There are also traditionally 13 witches in a coven, but no one seems to know exactly why. There must be a connection, but it might just be that 13 already had a bad reputation.

Unlike Christmas, Friday the 13th usually comes but twice a year, unless one of them is in February, which has exactly four weeks (except for leap years), and so you get an extra one in March. You can also have three of them in a leap year that starts on a Sunday, but that doesn’t happen very often. There can also be only one in a year if that year begins on a Tuesday (or Saturday in a leap year). Plan your vacations accordingly.

Some claim that Friday the 13th costs the U.S. economy $900,000,000 either per year or per occurrence. Sources vary on which one it is, but it likely doesn’t matter because it’s probably crap. Lots of people take a Friday off for a long weekend every once in a while. Even if Friday the 13th sees more of this, it’s still likely a personal or vacation day that the person had coming anyway. Some major airlines have reported seeing no significant difference in bookings for these days, but they could be lying. With an estimated 10% of the population supposedly having a fear of 13, you gotta figure Friday the 13th is having some kind of impact.

One of my favorite forms of stupidity ever since I was a little kid is buildings pretending not to have a 13th floor. Even then I knew that unless you’ve got an empty space between floors 12 and 14, then you’ve got a 13th floor. You can call it 14 if you want, but that’s just a sad testament to how dimwitted and easily fooled some people can be.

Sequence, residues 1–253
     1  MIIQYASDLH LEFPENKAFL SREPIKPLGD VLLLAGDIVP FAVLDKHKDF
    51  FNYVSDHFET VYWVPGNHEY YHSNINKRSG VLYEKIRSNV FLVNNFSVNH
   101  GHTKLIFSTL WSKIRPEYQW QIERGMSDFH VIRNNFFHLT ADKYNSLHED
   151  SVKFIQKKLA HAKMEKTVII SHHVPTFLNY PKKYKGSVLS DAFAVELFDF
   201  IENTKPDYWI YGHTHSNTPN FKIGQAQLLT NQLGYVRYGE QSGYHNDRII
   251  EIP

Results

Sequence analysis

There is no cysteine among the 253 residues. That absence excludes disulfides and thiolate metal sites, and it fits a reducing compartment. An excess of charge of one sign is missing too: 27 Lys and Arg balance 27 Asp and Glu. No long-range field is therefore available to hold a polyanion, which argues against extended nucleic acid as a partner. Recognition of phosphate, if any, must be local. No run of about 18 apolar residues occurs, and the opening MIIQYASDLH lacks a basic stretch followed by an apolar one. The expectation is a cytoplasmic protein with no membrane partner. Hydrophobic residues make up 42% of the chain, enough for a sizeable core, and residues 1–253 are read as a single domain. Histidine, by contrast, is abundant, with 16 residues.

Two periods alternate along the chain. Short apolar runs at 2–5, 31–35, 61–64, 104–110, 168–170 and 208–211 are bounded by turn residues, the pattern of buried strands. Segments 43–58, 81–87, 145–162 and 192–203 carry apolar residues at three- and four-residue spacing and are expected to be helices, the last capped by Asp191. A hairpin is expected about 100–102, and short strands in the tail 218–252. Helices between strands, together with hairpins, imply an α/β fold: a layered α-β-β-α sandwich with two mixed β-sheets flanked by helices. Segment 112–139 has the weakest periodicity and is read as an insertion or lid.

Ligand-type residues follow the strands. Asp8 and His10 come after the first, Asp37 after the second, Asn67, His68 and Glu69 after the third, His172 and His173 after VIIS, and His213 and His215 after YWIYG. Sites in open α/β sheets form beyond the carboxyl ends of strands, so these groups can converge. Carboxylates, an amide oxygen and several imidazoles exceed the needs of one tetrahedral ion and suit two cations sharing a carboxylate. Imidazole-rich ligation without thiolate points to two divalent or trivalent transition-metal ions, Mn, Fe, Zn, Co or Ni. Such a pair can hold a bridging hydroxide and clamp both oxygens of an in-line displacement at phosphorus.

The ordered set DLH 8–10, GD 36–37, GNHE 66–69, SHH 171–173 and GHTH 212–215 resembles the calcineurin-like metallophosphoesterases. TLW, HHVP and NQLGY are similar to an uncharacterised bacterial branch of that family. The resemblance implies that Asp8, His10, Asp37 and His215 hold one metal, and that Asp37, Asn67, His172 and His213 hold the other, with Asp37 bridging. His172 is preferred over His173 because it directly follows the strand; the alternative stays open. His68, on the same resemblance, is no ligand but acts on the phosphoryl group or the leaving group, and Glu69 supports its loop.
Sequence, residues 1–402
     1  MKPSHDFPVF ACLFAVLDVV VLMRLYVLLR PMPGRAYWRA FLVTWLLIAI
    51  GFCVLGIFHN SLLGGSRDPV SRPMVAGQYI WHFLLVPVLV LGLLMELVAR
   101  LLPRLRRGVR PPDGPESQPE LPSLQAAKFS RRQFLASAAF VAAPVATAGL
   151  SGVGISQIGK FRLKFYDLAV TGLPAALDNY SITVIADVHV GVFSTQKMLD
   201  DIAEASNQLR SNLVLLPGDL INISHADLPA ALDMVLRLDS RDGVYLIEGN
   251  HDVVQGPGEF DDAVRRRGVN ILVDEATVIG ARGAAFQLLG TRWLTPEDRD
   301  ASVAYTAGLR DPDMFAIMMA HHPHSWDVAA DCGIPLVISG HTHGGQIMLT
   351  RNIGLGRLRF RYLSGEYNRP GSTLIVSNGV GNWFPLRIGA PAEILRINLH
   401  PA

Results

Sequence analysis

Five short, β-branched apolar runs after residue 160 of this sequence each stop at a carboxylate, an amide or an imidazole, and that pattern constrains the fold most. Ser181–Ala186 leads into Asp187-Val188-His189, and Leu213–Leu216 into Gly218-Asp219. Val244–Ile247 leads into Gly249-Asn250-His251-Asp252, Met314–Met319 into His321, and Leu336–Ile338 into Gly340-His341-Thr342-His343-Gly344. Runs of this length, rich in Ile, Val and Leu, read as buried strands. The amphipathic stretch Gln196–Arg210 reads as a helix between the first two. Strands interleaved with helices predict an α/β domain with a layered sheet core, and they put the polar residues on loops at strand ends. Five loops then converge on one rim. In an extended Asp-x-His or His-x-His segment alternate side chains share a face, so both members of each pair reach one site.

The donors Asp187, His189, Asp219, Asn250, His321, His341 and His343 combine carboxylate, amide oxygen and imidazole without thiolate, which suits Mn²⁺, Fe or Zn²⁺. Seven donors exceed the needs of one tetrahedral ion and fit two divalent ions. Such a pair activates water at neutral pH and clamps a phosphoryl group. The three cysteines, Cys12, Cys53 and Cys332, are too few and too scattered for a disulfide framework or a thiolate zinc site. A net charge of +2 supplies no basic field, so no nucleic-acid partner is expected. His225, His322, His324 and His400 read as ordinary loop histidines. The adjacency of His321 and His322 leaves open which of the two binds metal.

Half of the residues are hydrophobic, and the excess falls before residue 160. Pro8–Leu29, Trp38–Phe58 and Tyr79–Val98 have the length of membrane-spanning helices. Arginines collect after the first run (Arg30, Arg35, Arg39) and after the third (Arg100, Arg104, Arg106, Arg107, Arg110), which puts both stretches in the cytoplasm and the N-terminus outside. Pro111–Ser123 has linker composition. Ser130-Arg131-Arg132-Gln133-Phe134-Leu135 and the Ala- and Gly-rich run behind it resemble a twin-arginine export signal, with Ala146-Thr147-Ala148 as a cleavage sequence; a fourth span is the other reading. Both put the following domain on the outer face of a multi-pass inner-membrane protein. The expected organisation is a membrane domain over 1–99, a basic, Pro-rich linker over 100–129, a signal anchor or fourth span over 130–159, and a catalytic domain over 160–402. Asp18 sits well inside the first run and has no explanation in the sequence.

Do they factor this “missing” floor into the total when stating how many stories a building has? I have no idea, and I’m really not curious enough to spend a day downtown riding elevators to find out, although it might be a fun way to spend next Friday the 13th after I tell my boss that I’m too scared to come to work that day.

The standard treatment for phobias is to gradually expose the patient to the object or situation that they fear. I’m not sure how you do that to people who are afraid of a date on the calendar. Maybe you could try convincing them that by the time they wake up at 6 am, it’s actually Friday the 13¼th. By lunchtime, it’s the 13½th. Or I suppose that you could arrange for something really rotten to happen to them on Thursday the 12th (utilitarians and pragmatists only). That way, no matter what happens the next day, it won’t seem so bad – may God have mercy on your cold, dead soul (utilitarian and pragmatic deists only).